Friday, March 28, 2014

Friday Twin Post- The Talk at Oakridge and The Sunday Haul

The Talk at Oakridge

After the presentation at New Delhi to a group of the country’s top meteorological big shots and others earlier in the month, I give another presentation to an entirely different bunch of little people last week. I gave a talk on natural calamities to students of sixth standard at Oakridge International School last Thursday. It was an entirely different experience for me since so far no audience at my talks or presentation had been 10-11 year old school kids.
Normally I have a standard power point presentation that I use at my talks at various places. But since this audience was different I had to modify it accordingly. Usually disaster management is a dry subject and a vast one at that. I had only forty five minutes to finish my talk so I thought it would be better if I told the kids about a natural calamity that is as dramatic as it is devastating. I chose to tell them about cyclones.
The forty five minutes flew by. The kids were so enthusiastic and asked so many questions I found it a bit difficult to answer all of them. There were about twenty five kids and out of them a few were more enthusiastic than the others and kept up a barrage of questions. I felt happy that I had told them something that I knew and I hope they also learnt something from my talk. It was a wonderful experience.

The Sunday Haul

Since I had barred myself from going to Abids on Sunday I stopped at Chikkadpally while returning home from some errand. I found Shashi Deshpande’s ‘That Long Silence’ that I got for thirty five rupees. It had a nice cover and was in good condition. Though I had bought ‘The Binding Vine’ a couple of months ago I haven’t found the time to read it. Someday soon I plan to read these two books since I have not read anything by Shashi Deshpande so far.

Friday, March 21, 2014

The Sunday Haul

Last Saturday I decided that I wouldn’t go to Abids since I had far too many books at home and did not want to add any more to that pile. My list of books to be read is growing longer by the day with the addition of an average of four or five books every week and hence this decision. On Sunday I stayed put at home fighting off the urge to rush to Abids. For some time I vacillated telling myself that I’d just go to only look at the books and not buy. I managed to control this urge until four in the afternoon. But suddenly I found it quite difficult to stay at home without even looking at the books on sale at Abids. However, true to my resolve, I did not go to Abids. I went up to Chikkadpally only.
At the first seller I stopped to browse at Chikkadpally I saw four brand new copies of titles I did not have the heart to leave alone. When I asked for the price I was told they cost five hundred rupees. The price was too steep and unaffordable and I told myself that I’d buy only two titles and not more. It was a struggle not succumbing to the urge to buy all the four titles. Finally, I ended up buying only two titles. The first title was the O.Henry/Pen Prize Stories, 2012 which was a welcome addition to my growing collection of short story titles. It had twenty stories including one by Alice Munro.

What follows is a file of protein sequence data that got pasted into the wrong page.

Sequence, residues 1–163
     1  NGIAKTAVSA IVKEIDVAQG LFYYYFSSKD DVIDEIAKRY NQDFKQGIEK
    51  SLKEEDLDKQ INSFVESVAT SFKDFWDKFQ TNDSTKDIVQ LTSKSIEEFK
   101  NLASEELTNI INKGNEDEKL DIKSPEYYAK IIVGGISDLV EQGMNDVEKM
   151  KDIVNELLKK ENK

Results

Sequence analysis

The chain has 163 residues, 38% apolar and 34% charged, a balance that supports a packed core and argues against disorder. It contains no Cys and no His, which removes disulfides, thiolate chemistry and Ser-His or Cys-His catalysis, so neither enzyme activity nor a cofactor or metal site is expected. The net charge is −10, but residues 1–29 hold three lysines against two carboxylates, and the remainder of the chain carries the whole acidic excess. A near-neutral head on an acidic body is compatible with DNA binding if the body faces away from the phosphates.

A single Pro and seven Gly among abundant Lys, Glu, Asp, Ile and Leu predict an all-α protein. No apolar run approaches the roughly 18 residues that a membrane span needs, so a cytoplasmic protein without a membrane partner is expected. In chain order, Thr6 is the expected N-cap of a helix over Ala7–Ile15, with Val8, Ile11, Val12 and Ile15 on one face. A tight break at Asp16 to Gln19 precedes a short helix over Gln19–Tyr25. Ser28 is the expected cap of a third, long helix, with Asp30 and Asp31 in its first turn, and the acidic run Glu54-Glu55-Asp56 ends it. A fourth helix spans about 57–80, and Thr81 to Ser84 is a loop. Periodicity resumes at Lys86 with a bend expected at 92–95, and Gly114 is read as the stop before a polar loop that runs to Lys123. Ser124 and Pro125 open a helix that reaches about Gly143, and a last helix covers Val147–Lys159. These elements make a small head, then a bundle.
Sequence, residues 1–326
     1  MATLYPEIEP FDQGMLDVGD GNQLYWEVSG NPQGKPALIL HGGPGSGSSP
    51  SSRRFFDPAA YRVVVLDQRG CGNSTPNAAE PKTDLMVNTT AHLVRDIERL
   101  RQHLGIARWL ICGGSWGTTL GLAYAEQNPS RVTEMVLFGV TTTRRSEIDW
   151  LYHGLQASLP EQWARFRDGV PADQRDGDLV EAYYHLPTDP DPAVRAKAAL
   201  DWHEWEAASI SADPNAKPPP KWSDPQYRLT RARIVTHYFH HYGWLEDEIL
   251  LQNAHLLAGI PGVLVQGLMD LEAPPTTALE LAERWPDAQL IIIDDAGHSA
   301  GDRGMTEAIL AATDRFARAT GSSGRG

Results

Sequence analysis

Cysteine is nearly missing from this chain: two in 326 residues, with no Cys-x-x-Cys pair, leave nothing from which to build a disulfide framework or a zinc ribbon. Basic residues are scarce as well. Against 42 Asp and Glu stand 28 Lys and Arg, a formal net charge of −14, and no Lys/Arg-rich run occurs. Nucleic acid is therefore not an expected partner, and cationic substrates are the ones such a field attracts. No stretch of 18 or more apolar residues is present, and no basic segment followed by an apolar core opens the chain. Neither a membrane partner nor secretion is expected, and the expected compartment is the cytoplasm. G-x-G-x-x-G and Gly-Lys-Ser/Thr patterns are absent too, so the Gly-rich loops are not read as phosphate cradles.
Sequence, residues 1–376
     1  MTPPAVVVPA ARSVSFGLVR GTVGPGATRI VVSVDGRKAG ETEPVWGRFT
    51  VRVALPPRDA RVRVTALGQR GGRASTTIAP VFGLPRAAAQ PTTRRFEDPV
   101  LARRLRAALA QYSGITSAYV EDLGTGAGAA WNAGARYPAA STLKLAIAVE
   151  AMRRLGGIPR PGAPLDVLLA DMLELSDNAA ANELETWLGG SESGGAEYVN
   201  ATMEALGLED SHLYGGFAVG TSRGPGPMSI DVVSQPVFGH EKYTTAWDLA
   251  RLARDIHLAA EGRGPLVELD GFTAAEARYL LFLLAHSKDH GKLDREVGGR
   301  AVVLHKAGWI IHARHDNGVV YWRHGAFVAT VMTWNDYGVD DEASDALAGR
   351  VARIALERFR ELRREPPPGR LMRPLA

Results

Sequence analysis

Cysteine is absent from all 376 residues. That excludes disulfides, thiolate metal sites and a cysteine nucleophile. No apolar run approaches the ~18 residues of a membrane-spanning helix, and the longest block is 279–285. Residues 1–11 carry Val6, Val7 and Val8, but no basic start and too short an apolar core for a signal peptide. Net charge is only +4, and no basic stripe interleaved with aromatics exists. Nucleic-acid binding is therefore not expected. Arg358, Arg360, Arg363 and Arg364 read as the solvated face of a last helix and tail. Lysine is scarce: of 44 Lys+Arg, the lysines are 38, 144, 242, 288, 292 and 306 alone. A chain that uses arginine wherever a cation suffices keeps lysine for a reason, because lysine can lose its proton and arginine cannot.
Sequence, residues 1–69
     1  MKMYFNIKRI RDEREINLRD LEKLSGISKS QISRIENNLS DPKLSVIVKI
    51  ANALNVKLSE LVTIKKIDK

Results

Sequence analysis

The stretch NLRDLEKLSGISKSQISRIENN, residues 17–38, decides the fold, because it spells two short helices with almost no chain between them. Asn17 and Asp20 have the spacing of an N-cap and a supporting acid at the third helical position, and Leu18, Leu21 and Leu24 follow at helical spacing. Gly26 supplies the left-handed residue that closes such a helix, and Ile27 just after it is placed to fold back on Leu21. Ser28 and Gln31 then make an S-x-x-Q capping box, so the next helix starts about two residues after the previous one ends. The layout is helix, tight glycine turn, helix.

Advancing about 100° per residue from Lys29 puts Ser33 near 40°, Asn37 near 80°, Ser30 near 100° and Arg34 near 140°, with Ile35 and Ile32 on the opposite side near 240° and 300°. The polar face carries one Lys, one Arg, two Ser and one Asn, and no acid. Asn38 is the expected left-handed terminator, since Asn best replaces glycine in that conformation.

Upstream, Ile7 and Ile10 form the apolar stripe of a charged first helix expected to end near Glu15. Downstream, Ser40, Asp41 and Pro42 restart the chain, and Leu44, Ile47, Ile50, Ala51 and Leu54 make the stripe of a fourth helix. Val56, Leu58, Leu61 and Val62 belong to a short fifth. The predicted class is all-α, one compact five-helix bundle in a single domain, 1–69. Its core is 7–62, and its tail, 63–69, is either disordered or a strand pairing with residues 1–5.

The second title I bought was a book by a writer I had not heard of before. The title was ‘Time Will Darken It’ by William Maxwell. The copies I found were so brand new that they could have come straight from the printers. I felt glad I came to Chikkadpally and found these two titles. I also felt a bit disappointed that I couldn’t buy the other two titles- Ian McEwan’s ‘Atonement’ and Toni Morrison’s ‘Home’ that also looked good and were in the same condition as the two books I had bought. I was particularly pleased with the Pen/ O.Henry Prize stories. This collection not only has twenty stories but also essays by the jurors on their favourite stories and also something by the winners. I do not know when to start reading it since there are too many books I have to read.

Friday, March 14, 2014


One reason why I cut my trip to Delhi short by a day was that I did not want to miss my Sunday routine which includes sitting in an Irani cafe near home and reading the Sunday papers leisurely over a cup of steaming hot tea while entertaining thoughts very different from those I get on weekdays such as planning a trip or even writing another book and so on. The most important part of my Sunday routine is the visit to Abids to look for books on the pavements which is something I wouldn’t miss for anything in the world. So I arrived home late on Saturday night and by the time I went to bed it was past midnight but I went to bed smug in the knowledge that in the morning I would be at Abids.
On Sunday morning I set out for Abids filled with anticipation and excitement at the thought of finding some really good titles as always and also filled with half dread about how many books I would find that I have to carry back home. Mercifully there was only one title I saw fit to pick up and bring home. I have read most titles of Stephen King except a handful such as Misery that I found. I got it for thirty rupees only and planned to read it soon since the story is about a writer who suffers at the hands of a crazy fan.

Yesterday I happened to drop in at the Best Book Centre bookstore in Lakdikapul where I found a book I had missed twice. I first saw ‘Desert Shadows’by Anand (P. Satchidanandan), a Sahitya Akademi award winning title at the same store sometime last year. Though it was a Penguin title I did not buy it thinking it would be around for some time. When I went there a couple of weeks later it wasn’t there and I was disappointed. But when I saw the same book at Blossoms at Bengaluru last August again I missed buying it since by then I had picked up quite a few books and couldn’t afford to buy another. After I got back to Hyderabad I regretted not buying it at Bengaluru also. But when I saw it yesterday I grabbed it.